The Reimaging Health grants come as new data reveals how the second coronavirus wave has indirectly affected the health and wellbeing of Victorians.
A survey of 2,000 Victorians shows many struggled to connect socially and to be physically active, but on a positive note, many wanted to be more involved with their community once the pandemic eased. The data shows that during the second wave:
- 1 in 3 Victorians were worried about their loss of social connection, with 2 in 5 finding it hard or very hard to stay connected to friends and family
- 3 in 4 who attended fitness classes stopped attending, while 3 in 5 who attended arts groups also stopped going along
- 1 in 2 school-aged kids were less active
- However, more than 1 in 2 wanted to get involved in a community group or club once restrictions eased, and;
- 1 in 5 ate more veggies, for most it was because they were cooking more.
VicHealth CEO Dr Sandro Demaio said the newly funded projects would empower communities to build back better.
“As we approach 2021, local organisations will be key to ensuring Victorians of all ages and backgrounds can reconnect with others, get active and access affordable, healthy food,” Dr Demaio said.
“Many Victorians have emerged from the second wave eager to be more involved in community activities, so we’re excited to support 460 local organisations to continue their important work.
“Our Reimagining Health grants will help a wide range of community groups, including sports clubs, arts organisations and youth groups, bring to life innovative locally-led and owned projects which support the health and wellbeing of those hardest hit by the pandemic.”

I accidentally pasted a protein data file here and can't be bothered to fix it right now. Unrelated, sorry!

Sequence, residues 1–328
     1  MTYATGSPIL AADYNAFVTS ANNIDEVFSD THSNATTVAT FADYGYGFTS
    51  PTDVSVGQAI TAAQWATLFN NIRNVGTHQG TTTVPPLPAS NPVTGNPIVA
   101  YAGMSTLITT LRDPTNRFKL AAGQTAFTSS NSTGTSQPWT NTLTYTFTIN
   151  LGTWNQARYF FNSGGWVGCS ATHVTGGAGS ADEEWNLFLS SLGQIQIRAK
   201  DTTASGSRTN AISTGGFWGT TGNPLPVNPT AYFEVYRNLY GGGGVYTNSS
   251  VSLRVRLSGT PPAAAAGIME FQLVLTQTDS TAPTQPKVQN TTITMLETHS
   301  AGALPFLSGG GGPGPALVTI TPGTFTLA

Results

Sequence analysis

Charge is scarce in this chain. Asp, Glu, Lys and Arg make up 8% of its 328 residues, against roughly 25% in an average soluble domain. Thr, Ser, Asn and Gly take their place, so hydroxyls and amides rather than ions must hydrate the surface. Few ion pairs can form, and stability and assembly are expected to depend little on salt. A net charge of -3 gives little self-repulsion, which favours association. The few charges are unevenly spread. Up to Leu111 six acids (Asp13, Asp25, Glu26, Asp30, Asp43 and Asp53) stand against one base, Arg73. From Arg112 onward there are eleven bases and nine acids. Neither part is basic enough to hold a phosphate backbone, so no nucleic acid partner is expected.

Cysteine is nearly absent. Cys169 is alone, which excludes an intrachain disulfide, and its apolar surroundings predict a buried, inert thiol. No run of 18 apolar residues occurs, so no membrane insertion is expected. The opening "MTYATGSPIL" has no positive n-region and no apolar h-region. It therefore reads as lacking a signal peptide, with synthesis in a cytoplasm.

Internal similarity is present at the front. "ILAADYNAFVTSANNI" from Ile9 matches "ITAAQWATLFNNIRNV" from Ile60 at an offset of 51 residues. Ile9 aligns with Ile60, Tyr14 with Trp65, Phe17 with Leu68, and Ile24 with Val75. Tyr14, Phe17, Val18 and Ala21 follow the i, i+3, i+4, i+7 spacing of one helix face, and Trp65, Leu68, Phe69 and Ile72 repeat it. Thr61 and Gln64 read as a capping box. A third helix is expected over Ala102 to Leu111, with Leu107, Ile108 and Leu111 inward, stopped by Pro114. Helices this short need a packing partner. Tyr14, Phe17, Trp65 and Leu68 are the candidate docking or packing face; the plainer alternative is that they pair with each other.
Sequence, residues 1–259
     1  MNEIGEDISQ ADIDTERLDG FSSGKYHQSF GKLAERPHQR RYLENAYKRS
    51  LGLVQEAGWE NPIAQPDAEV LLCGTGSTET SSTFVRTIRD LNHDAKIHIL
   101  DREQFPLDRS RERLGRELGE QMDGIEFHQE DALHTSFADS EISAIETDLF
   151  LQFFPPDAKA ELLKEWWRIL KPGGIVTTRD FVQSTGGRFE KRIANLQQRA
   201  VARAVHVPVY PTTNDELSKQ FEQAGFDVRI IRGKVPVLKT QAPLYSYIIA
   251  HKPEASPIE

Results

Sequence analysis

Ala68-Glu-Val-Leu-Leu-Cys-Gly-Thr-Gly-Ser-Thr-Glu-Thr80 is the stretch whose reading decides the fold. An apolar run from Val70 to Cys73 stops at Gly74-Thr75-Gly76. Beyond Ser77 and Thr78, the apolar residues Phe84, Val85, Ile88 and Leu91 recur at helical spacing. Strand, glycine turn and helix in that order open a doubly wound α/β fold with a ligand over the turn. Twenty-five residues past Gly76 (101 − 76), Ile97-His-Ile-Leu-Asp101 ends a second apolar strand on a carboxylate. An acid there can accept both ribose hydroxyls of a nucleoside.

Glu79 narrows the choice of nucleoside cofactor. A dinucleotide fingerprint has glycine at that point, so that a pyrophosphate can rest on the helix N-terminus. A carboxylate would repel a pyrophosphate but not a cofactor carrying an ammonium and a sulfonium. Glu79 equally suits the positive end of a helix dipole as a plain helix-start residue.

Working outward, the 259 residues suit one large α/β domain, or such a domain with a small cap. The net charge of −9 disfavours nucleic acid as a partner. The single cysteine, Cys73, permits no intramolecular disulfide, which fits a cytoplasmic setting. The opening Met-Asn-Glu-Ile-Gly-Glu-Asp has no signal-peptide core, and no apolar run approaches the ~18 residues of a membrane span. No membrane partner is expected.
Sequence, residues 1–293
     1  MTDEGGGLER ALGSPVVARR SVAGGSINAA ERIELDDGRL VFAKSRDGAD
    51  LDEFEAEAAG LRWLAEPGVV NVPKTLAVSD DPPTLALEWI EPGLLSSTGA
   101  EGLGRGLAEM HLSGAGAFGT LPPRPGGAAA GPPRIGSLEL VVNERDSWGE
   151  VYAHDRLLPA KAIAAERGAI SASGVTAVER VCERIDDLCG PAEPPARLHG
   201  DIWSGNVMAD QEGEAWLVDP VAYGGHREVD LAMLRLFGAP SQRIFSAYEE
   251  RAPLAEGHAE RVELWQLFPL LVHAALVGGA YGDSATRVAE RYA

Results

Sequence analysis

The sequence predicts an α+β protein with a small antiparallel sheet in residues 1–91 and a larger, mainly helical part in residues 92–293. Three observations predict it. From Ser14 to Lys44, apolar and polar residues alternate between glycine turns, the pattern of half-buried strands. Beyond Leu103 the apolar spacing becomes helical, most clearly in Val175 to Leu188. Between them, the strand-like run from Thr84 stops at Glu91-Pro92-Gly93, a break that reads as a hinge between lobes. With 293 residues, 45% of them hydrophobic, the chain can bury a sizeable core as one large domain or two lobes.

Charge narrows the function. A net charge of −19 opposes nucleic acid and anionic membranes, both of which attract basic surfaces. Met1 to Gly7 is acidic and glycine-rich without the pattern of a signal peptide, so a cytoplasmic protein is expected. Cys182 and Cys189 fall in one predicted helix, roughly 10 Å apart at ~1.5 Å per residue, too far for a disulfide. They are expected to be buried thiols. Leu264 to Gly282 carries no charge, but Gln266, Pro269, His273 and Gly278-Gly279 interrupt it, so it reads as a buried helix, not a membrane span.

Among the grant recipients is United Through Football, a local organisation which aims to support and engage young people from public housing estates, including the 9 in North Melbourne and Flemington locked down in July. The organisation will receive a $50,000 grant to offer sport and social activities in 2021.
Ahmed Dini from United Through Football is looking forward to getting more families involved in fun activities with this funding.
“This funding will make a huge impact on the public housing residents impacted by COVID-19, particularly among African communities,” Mr Dini said.
“Our summer programming will enable fun and social interaction through football and basketball tournaments. We also plan to offer other recreational activities, like camping, swimming, horse-riding, go-carting and ice-skating. We aim to build community capacity and give young people as well as their families some hope and civic pride after what they have endured throughout the pandemic.”
Other funded projects include establishing a network of chatty cafes in Ballarat to help locals combat isolation, supporting a rugby club to introduce fun cooking and nutrition classes and providing young people with upcycled bikes plus the skills to ride and maintain them.
About the VicHealth Coronavirus Victorian Wellbeing Impact Study: Follow-up survey
Around 2,000 Victorians were surveyed in September 2020, during the second wave of the coronavirus pandemic. This survey is the second in a series, following the initial VicHealth Coronavirus Victorian Wellbeing Impact Study conducted between March and May 2020, during the first wave. Learn more at vichealth.vic.gov.au/media-and-resources/publications/vichealth-coronavirus-victorian-wellbeing-impact-study-follow-up-survey